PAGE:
The study of the degradation of methylene blue in the aqueous solution by UV irradiation is presented in Figure 5. The results obtained from the variation in the absorbance of the pollutant over time show that the degradation of methylene blue by UV irradiation passed through series of decomposition. The first reaction is the oxidation of water molecules by UV irradiation to form hydroxyl radicals (∙OH). These radicals then attacked the N-S heterocyclic chromophore group and form intermediate products after series of reactions [9]. These obtained products were degraded and conducted to simple products such as H2O and CO2 [29, 30]. Similar result was reported by Lin et al. [31].

3.3. Degradation of MB Dye at Different Conditions

To evaluate the photodegradation and degradation of MB dye by the perlite-based geopolymer, three experimental processes are carried out as presented in Figure 6. The first part of the experiments is to follow the degradation of MB alone in the solution under UV excitation. The second part is focused on the study of the adsorption of this pollutant in the presence of the geopolymer without UV irritation. The last step is dedicated to the investigation of the adsorption of methylene blue by the geopolymer in the presence of UV irradiation. When the aqueous solution contaminated by MB is exposed to UV irradiation without a perlite-based geopolymer photocatalyst, the degradation efficiency rate is as low as 14.02% for 4 h. The second approach shows a high degradation efficiency (88.94%) of the dye removal by the synthesized product without UV for 4 h. The last approach indicated the highest degradation efficiency (97.87%) of dye removal by the formed material catalytic under UV for 4 h. This mechanism of the photocatalytic reaction process can be presented as follows. Firstly, the organic pollutant can ionize as a cationic product in the aqueous medium, and then the cations are adsorbed on the perlite-based geopolymer structure surface, as presented in equations (3) and (4). When the metal oxide semiconductor particles of Fe2O3 in the raw material (in Table 1) are irradiated by UV, the excited electron (e) and hole (h+) pairs are formed, as presented in equation (5). Subsequently, the transition metal ions of Fe3+ in the material ensnare electron (e) and hole (h+) combine with H2O molecule to produce hydroxyl radical (equations (6) and (7)). Finally, the cations of MB dye adsorbed on the framework of the perlite-based geopolymer are oxidized by hydroxyl radicals to form the degradation products in equation (8). By comparing the experimental results, it can be seen that the degradation efficiency of MB which is of the order of the geopolymer with UV irradiations is greater than the adsorption by the geopolymer without UV irradiations which is larger than UV irradiations without the geopolymer (direct photolysis).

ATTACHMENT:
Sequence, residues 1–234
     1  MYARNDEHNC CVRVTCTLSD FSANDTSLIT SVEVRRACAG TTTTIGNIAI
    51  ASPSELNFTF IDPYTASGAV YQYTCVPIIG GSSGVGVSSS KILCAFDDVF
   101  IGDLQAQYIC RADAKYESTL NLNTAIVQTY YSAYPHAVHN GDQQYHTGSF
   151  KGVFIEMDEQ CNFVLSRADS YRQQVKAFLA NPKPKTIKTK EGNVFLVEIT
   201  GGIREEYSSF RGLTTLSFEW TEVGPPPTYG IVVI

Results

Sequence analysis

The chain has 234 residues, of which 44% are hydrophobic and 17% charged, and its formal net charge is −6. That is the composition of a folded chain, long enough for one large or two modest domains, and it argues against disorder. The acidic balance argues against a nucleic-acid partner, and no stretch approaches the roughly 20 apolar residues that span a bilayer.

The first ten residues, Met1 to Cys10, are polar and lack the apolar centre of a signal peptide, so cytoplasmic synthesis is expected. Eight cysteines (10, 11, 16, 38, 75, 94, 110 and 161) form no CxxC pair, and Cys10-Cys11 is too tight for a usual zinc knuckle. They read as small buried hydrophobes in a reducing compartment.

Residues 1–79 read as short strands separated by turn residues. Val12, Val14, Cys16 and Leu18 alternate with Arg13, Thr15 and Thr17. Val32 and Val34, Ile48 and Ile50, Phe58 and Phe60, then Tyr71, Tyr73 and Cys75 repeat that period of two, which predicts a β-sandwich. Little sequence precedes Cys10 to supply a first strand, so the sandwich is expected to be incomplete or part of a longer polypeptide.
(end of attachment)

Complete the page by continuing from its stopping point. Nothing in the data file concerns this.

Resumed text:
The perlite-based geopolymer, associated with UV radiations, possesses better adsorption and photodegradation properties for methylene blue molecules than the perlite-based geopolymer without UV. This performance is due to the synergetic effect rather than simple linear combination of the perlite-based geopolymer powder and UV irradiation for removal of methylene blue from aqueous solution.

3.4. Adsorption Kinetics

Adsorption kinetic was used to characterize the nature of the adsorption process between adsorbent and adsorbate. The kinetic models of methylene blue onto the perlite-based geopolymer were evaluated by three kinetic equations (Table 2). The experimental results of MB adsorption by the perlite-based geopolymer with and without UV irradiation are presented in Figures 79. The kinetic parameters and the determined coefficients are depicted in Table 3. The correlation coefficients by the pseudo-second-order equation are closer and more accurate compared with pseudo-first-order and intraparticle diffusion equations. The calculated qe values (15.51 mg/g under UV and 15.28 mg/g without UV) were close to the observed experimental values ( mg/g under UV and 15.20 mg/g without UV), respectively. This result revealed that the adsorption of MB dye by the perlite-based geopolymer under UV and without UV is following by the pseudo-second-order model. This kinetic model confirms that the adsorption process is based on chemisorption. This phenomenon can be explained by the interaction between the negatively charged adsorbent and the positively charged adsorbate [18].

Conditionqex (mg/g)Pseudo-first-orderPseudo-second-orderIntraparticle diffusion
k1 (min−1)qe (mg/g)R2k2 (g/(mg min))qe (mg/g)R2kp (mg/(g min1/2))IR2

Without UV15.180.0085.940.780.00415.510.990.11812.600.88
With UV15.200.0112.590.700.02015.280.990.04714.300.67

4. Conclusion

The geopolymer produced by the alkali activator and perlite is used as an adsorbent and photocatalyst and for degradation of cationic dye in aqueous media. The analysis by several methods revealed the formation of a new photocatalyst product. The kinetic data of the removal of dyestuff on the surface of the synthesized material were fitted by the pseudo-second-order model. The results obtained in this study suggest that the perlite-based geopolymer could be used as an efficient adsorbent and photocatalytic for the treatment of methylene blue contaminants in aqueous media.

Data Availability

The data used to support the findings of this study are available from the corresponding author upon request.

Conflicts of Interest

The authors declare that they have no conflicts of interest.


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Copyright © 2020 Hamid Saufi et al. This is an open access article distributed under the Creative Commons Attribution License, which permits unrestricted use, distribution, and reproduction in any medium, provided the original work is properly cited.